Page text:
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La Virgen de Guadalupe at the El Paso Museum of Art

Our Lady of Guadalupe (Mexico, 19th C)

Our Lady of Guadalupe (Mexico, 19th C)

La Virgen de Guadalupe
El Paso Museum of Art
September 13, 2009 – March 7, 2010

Join the El Paso Museum of Art for a special lecture ‘Guadalupe in the Religious Imagination of Hispanics’ by Dr. Veronica Rayas and the public opening of La Virgen de Guadalupe on Sunday, September 27, 2009 at 2:00 p.m. in the El Paso Energy Auditorium. A reception will follow with Matachine Dancers from St. Pious Church from 3:00 4:00 p.m. in the Gateway. The exhibition and public opening are free events.

This exhibition was paid for with funds from the Frank and Sara McKnight Family and Dorrance D. and Olga Roderick Endowments of the El Paso Museum of Art Foundation.

Verónica Rayas Ph.D. is currently Assistant Director of Tepeyac Institute, the lay ministry formation center for the Diocese of El Paso. She holds a doctorate in Religious Education from Fordham University. Verónica is a native of El Paso who recently returned home after working for the Archdiocese of New York.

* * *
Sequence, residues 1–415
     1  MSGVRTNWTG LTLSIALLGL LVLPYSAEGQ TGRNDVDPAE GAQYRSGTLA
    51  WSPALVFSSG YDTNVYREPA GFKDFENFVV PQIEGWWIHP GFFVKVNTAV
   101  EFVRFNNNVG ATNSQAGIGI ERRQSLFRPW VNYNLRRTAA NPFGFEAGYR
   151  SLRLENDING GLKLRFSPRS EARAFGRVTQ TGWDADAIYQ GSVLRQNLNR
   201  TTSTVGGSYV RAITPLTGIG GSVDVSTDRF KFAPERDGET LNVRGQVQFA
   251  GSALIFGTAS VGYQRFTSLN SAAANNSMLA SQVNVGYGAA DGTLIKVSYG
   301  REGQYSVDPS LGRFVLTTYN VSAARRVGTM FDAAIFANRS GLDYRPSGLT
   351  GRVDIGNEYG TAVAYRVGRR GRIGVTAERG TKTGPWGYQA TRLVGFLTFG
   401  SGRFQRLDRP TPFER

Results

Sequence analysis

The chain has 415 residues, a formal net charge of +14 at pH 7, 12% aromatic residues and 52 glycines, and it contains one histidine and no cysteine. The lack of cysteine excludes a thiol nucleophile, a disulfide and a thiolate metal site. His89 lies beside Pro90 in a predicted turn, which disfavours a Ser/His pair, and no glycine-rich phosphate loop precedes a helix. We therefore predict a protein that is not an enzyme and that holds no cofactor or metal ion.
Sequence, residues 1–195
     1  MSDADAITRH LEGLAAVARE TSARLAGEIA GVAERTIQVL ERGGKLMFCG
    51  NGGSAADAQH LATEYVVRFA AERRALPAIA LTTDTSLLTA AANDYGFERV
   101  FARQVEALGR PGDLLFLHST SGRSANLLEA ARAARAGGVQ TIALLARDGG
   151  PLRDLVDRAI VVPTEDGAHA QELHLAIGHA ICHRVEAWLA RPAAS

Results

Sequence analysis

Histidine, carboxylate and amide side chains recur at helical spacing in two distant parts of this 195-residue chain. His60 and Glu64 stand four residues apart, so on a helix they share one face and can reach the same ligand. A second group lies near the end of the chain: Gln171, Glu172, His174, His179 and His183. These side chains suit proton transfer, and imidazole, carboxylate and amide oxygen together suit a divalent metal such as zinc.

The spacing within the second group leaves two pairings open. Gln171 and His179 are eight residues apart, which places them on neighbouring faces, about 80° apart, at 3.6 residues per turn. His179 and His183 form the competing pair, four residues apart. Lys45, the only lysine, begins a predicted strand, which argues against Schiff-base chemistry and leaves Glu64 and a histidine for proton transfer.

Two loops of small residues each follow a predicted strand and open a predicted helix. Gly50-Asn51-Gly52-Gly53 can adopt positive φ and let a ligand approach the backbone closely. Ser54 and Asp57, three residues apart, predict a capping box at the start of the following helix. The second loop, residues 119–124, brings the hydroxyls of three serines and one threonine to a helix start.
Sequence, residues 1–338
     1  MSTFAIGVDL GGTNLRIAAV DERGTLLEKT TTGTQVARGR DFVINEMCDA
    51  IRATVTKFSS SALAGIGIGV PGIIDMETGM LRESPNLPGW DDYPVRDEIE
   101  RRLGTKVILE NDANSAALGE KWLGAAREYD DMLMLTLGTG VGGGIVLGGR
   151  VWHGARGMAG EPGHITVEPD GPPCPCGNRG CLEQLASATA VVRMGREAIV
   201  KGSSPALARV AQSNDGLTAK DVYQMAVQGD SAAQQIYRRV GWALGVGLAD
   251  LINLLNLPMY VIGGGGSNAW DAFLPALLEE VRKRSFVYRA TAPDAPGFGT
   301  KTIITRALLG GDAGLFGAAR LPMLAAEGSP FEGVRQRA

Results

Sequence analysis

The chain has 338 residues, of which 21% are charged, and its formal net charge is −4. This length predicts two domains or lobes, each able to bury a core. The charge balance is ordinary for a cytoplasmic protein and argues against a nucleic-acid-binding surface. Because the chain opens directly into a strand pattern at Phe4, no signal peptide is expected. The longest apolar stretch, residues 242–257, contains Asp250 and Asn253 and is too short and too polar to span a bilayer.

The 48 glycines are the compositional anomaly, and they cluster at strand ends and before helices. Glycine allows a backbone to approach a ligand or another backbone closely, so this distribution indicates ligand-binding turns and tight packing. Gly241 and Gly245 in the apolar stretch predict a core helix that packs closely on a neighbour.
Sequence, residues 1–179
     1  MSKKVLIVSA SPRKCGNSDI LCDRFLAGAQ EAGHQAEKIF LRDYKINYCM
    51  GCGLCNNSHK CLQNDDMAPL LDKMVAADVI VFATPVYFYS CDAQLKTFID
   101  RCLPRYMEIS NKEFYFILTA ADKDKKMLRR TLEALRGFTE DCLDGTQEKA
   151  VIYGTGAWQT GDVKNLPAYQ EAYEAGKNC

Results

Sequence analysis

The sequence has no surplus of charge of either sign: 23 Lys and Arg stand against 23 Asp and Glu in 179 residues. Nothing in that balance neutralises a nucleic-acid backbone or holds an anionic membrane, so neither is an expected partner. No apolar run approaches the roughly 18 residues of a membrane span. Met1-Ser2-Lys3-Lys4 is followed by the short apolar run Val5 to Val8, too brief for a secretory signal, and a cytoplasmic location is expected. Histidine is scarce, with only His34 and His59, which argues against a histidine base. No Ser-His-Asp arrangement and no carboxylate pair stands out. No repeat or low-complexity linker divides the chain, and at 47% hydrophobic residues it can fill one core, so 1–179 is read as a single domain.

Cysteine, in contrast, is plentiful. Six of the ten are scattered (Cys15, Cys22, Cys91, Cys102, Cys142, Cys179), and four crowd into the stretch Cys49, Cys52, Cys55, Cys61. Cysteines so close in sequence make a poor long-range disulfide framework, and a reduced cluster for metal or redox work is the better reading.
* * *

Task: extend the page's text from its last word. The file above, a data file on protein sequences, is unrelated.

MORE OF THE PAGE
La Virgen de Guadalupe

This exhibition features 14 retablos from EPMA’s permanent collection and explores the popularity of the Virgin of Guadalupe as a major religious and cultural icon in Mexican and Mexican American culture. The retablos are the gifts of Mr. and Mrs. Dorrance D. Roderick, Dr. Steven McKnight in honor of Frank and Sara McKnight, and Mr. and Mrs. Richard G. Miller.

The Virgin of Guadalupe is the most popular and well known of all Mexican images. Since the 19th century, she has been a symbol of national identity for the Mexican people. The patron saint of curing illness, the Virgin of Guadalupe is a hybrid of both indigenous and Spanish iconography.

According to legends in Mexico, the Virgin visited an Indian boy, Juan Diego, in a vision on the hill of Tepeyac, near Mexico City. The Virgin requested that a church be built in her honor on the site where she visited Diego, however the Bishop was in disbelief. Only when the Virgin gave Diego a cloak with out-of-season roses and her image miraculously imprinted upon it did the Bishop believe.

Our Lady of Guadalupe (Mexico, 19th C)

Our Lady of Guadalupe (Mexico, 19th C)

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